For the Kurdish-dominated autonomous administration of northeastern Syria the momentary benefit from the agreement signed with an American oil firm could come at the cost of complete failure in the long run.

Early August the controversial agreement signed by the Kurdish Syrian Democratic Forces (SDF) and Delta Crescent Energy, an oil company affiliated with the US administration, created a huge public backlash, with some countries and regional governments quick to condemn the deal whose details had been kept strictly secret for a year.

But recent reports dispel any doubt why the US administration actually needs this deal. Several sources familiar with the content of the contract confirmed that the key objective is to deny Damascus access to oil fields, and to cut it off completely from any revenue from energy production in the region.

The motivation of the Kurdish authorities remains unclear. If the Americans are pursuing a strategy of political and economic deterrence against Damascus in an attempt to oust longtime leader Bashar al-Assad, the Kurdish manoeuvre looks like mere playing along with the United States, rather than a thoughtful decision.

Al-Monitor analysts suggest that the Kurds have in mind a set of ambitious and interlinking goals, the main of which is to acquire autonomous status.

That is why Kurdish leaders decided to cement a US military presence in northeastern Syria and provide US big business with a green light. They believe that diversifying relations with the United States, the world’s superpower, and cementing deeper cooperation with Washington, will eventually lead to international recognition of the Kurdish administration.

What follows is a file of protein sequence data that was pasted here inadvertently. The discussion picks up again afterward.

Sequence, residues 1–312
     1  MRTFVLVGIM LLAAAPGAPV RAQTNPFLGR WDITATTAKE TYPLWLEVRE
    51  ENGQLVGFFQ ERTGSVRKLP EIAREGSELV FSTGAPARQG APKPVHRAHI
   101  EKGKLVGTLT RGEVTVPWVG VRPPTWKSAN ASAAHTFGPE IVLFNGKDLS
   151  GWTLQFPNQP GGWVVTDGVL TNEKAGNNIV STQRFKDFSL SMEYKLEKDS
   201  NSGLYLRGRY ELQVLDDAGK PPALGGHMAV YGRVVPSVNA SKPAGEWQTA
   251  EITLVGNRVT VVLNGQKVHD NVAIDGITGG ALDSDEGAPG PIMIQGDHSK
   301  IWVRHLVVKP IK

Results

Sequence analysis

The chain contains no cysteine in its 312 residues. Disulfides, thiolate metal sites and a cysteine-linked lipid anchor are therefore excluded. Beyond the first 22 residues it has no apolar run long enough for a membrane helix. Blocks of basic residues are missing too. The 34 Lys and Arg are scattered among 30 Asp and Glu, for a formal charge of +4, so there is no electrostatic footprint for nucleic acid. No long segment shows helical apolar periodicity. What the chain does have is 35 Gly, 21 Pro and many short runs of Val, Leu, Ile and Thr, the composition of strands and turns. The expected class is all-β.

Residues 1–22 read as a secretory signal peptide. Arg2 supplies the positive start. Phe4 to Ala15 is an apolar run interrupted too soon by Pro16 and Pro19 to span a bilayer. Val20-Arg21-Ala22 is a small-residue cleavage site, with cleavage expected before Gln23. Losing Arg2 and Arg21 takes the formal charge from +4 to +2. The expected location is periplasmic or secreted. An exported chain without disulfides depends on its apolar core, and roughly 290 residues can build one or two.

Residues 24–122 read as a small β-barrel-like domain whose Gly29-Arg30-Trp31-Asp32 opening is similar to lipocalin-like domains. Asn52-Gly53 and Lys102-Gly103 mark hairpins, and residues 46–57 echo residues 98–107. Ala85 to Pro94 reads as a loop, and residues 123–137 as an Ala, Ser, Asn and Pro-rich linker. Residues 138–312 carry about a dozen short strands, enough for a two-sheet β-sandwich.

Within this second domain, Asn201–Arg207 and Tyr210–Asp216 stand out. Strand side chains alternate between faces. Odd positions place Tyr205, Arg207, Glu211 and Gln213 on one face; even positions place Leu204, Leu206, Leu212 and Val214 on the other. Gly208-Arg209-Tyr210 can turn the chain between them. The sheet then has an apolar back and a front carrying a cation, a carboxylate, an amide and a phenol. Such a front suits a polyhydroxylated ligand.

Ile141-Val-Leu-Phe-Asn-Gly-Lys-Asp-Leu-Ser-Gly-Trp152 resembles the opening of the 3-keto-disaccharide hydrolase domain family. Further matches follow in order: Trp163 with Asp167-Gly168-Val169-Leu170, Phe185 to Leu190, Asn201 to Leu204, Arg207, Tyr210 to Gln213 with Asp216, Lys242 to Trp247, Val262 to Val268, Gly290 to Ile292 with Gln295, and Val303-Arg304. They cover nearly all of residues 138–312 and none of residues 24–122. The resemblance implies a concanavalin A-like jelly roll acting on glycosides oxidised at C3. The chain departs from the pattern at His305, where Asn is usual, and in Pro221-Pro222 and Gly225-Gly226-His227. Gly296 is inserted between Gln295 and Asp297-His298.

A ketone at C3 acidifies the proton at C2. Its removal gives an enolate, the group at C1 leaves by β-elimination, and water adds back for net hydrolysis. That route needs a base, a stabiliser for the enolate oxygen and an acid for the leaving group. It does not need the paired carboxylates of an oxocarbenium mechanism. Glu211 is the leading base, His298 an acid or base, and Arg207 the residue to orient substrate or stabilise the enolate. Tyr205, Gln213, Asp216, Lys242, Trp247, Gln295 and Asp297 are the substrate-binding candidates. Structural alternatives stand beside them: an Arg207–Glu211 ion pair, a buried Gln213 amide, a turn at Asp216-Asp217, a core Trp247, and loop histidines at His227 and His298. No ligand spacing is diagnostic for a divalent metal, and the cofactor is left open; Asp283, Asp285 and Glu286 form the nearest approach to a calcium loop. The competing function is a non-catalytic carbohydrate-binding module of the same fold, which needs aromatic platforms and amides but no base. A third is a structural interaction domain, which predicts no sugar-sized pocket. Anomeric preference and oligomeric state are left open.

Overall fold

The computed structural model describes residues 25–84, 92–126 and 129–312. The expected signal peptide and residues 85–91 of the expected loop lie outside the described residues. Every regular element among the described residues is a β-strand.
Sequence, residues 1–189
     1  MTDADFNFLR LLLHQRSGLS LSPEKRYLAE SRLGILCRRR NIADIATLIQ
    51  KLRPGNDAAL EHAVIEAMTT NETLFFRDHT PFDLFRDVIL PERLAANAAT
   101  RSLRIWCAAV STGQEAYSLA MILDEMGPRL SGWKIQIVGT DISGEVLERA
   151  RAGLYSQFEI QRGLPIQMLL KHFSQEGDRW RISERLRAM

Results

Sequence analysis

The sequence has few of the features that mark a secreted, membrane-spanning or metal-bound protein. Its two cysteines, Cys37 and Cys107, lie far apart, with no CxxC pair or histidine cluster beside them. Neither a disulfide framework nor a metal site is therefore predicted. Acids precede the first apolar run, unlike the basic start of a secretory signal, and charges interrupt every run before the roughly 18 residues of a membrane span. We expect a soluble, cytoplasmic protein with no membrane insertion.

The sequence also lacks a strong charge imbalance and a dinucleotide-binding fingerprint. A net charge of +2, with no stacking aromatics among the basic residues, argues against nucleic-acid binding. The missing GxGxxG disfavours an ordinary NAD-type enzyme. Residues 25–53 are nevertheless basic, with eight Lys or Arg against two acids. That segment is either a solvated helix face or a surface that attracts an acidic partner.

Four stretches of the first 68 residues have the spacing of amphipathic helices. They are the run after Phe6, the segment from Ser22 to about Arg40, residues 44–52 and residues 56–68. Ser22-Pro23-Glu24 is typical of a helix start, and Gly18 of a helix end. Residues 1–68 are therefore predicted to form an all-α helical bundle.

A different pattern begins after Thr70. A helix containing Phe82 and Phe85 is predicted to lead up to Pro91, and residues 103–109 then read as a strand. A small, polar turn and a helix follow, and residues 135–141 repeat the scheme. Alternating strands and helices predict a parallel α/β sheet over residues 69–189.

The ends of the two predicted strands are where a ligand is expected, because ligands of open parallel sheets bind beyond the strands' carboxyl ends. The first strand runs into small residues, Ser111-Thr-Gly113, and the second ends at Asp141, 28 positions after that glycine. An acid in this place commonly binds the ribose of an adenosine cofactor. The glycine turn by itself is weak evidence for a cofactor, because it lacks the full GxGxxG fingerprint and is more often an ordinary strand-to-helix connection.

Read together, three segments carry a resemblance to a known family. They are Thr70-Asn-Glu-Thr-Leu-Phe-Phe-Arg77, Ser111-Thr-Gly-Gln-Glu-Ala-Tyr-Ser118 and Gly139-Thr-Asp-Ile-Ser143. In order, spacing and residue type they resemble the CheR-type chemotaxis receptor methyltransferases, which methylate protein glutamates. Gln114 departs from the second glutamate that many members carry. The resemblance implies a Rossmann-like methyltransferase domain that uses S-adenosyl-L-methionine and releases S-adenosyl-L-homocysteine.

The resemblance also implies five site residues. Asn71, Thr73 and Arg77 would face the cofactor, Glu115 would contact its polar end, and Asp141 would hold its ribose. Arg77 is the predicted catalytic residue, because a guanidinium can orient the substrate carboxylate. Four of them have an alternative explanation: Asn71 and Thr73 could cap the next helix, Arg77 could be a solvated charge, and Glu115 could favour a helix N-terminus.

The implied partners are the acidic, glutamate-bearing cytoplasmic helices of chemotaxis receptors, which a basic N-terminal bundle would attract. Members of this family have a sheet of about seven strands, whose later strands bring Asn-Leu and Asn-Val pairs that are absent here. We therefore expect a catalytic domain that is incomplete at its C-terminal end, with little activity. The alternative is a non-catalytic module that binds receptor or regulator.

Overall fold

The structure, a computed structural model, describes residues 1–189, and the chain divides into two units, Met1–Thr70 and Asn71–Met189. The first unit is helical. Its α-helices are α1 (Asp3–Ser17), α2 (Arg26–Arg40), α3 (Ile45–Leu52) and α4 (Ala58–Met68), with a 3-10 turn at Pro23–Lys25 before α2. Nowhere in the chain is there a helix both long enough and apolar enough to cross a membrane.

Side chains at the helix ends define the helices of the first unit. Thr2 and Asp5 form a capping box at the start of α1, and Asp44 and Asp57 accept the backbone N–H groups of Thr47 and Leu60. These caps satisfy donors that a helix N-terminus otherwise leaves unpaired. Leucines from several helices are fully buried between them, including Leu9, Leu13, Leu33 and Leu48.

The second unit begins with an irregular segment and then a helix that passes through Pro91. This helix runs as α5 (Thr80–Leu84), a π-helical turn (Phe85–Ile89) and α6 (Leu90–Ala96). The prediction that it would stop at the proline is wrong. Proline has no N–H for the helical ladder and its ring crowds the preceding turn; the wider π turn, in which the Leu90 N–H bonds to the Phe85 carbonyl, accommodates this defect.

In this sense the approach of the Syrian Kurds is similar to that of their Iraqi brethren, who were able to strengthen their economic independence and political autonomy from Baghdad after fixing things with Turkey, granting it a considerable portion of contracts in the oil-fuelled construction underway in Iraqi Kurdistan.

The Syrian Kurds are unlikely however to be able to repeat this scenario. If the SDF leadership headed by Mazlum Abdi hoped that it could implement this project with US help under the current circumstances, it miscalculated and underestimated the potential challenges.

First, the SDF’s position is much more shaky and vulnerable than the Kurds in Iraqi Kurdistan. Despite their defiance of official authorities in Baghdad, it was enough for them to make a deal with Turkey to gain access to the oil markets on the southern Mediterranean coast and ensure their autonomy from the Iraqi authorities.

The Syrian Kurds must be willing to face heavy negotiations at the least, with a large number of regional and international players, or even an open confrontation with the unfriendly northern neighbour.

Besides the Syrian government, which has already claimed the deal is stealing Syrian oil, normalising relations with Ankara remains the most problematic issue for the Kurdish administration.

Turkey officially considers the SDF a Syrian affiliate of the PKK “terrorist” organisation, and last year it conducted a largescale military operation (called Peace Spring) against them in northern Syria.

Kurdish unilateral actions that ignore the interests of Moscow’s main ally Damascus, and Turkish concerns, could completely destroy their dreams of autonomy. Damascus may limit itself to an appeal to international arbitration courts, which would more than likely declare the deal void, but Ankara could go further and resume fighting to prevent Kurdish forces from strengthening their positions along Turkey’s southern border.

In such a case it would be extremely risky for the Kurds to count on help from a diminished American presence wholly engaged at present in protecting the oil fields.

Practice has shown moreover that when the US faces the dilemma, of supporting the Kurds or saving relations with a partner state, it chooses the latter. In the past Washington opposed the referendum on the independence of Iraqi Kurdistan in 2017, and effectively authorised the Turkish military operation Peace Spring in 2019, which cost the Kurds many lives and a huge part of the territory.

If the Syrian Kurds distance themselves from the multilateral coordination, they will face dramatic consequences, up to international sanctions or military aggression. Worse still, the SDF risks exacerbating its relations with European states that have been long sympathetic to the Kurdish problem in Syria.

Ahmad al-Khaled is a freelance journalist with primary focus on the involvement of foreign actors in the Syrian conflict and its consequences on both regional and global levels